Protesters gathered on the corner of Lane Avenue and High Street outside a Shell gas station on Monday to raise awareness about dolphin killings, an organizer said.
Dolphin hunting season officially started Monday at Taiji, Japan. Fishermen herd hundreds of dolphins into a small cove, attack them with knives, separate the “pretty” ones out to sell to aquariums and kill the rest, event organizer and Columbus resident Cindy Ford said.
“(The fishermen) say it’s humane, but it’s not,” she said.
Many of the protests happening around this issue are taking place around Japanese embassies in the U.S., but Ford said her group wanted to raise awareness about the issue in a busy area.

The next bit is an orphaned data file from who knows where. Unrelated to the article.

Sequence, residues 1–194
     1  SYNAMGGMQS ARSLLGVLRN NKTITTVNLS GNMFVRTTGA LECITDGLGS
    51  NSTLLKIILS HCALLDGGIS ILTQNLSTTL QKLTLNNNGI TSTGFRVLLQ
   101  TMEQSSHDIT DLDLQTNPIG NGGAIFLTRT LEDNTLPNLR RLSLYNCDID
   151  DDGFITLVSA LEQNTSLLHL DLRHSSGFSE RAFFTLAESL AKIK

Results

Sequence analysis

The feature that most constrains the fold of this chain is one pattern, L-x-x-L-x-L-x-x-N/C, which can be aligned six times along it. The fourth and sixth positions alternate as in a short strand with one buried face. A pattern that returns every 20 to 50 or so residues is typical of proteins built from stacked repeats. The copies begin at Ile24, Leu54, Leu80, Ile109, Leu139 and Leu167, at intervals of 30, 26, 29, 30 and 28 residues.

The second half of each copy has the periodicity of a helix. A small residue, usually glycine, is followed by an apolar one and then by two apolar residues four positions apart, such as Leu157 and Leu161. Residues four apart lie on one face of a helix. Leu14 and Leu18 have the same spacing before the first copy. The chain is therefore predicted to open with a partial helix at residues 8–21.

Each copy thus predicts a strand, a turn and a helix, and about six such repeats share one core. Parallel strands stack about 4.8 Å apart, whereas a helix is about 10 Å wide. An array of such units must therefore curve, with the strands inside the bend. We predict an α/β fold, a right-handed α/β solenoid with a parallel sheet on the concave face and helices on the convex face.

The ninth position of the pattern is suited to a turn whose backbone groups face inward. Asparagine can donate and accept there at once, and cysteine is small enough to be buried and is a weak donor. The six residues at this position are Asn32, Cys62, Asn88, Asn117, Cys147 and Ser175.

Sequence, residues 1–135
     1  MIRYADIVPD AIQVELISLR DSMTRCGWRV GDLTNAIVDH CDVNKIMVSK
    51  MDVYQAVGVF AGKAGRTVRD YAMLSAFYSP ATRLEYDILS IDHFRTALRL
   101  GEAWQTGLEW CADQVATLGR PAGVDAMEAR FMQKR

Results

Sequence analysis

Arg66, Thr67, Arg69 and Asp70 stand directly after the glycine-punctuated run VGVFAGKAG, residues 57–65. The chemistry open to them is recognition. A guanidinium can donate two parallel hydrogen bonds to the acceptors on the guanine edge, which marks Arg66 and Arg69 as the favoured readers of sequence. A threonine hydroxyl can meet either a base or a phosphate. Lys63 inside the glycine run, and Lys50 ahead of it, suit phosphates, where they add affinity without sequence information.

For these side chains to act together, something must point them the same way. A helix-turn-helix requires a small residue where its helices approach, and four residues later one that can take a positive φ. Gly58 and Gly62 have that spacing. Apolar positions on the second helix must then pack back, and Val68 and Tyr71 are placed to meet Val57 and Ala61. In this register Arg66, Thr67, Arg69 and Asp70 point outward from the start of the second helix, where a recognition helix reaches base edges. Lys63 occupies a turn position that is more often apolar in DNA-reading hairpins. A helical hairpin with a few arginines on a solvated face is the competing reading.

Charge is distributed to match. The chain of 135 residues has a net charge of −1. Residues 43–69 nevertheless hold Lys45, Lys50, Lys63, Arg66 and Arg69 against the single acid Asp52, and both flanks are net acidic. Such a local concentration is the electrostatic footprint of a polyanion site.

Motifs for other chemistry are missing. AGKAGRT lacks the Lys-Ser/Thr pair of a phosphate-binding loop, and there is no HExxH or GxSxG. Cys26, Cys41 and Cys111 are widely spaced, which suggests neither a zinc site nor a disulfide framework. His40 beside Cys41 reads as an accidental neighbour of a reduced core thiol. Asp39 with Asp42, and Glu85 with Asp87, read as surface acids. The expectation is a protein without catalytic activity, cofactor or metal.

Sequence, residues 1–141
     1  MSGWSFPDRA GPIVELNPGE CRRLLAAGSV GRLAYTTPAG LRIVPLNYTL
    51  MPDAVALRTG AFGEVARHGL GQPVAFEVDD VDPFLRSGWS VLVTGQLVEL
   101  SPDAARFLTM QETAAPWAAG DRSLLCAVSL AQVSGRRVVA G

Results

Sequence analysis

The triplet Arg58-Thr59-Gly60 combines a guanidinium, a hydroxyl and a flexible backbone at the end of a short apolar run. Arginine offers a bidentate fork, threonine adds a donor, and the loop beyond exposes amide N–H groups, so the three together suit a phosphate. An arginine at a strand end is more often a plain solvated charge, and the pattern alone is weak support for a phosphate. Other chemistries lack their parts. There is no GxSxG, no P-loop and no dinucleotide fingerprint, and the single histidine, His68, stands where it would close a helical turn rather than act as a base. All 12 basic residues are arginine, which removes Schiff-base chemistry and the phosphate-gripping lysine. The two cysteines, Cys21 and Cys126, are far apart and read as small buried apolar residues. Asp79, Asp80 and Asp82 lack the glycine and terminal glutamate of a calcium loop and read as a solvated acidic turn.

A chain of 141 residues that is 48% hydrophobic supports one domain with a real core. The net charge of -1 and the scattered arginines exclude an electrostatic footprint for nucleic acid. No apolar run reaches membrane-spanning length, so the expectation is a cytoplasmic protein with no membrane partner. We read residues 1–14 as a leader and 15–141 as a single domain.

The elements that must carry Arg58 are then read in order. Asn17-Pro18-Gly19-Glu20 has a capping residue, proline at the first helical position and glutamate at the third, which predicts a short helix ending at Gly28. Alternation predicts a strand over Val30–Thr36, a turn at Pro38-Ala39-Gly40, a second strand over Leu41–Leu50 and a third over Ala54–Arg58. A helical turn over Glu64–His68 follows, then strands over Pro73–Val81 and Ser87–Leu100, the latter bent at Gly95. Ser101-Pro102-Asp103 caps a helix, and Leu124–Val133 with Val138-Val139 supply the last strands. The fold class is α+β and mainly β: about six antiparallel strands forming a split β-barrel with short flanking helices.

“This is a high traffic area, and what better place to do this than Ohio State?” she said.
She added the protesters were community members who needed a central place to locate.
Some students who passed the protesters weren’t sure what the protesters were referring to in their demonstration.
“I don’t get what they’re doing. It’s something with dolphins,” said Jory Lombardi, a fourth-year in earth science.
His friend Gino DiMarzio, a fourth-year in marketing, said the two didn’t pay much attention.
“We saw what they were doing, but we didn’t think much about it,” he said.
Taiji mayor Kazutaka Sangen told reporters in January he thinks the fishermen’s actions are justified, according to a CNN article.
“We have fishermen in our community and they are exercising their fishing rights,” he said. “We feel that we need to protect our residents against the criticisms.”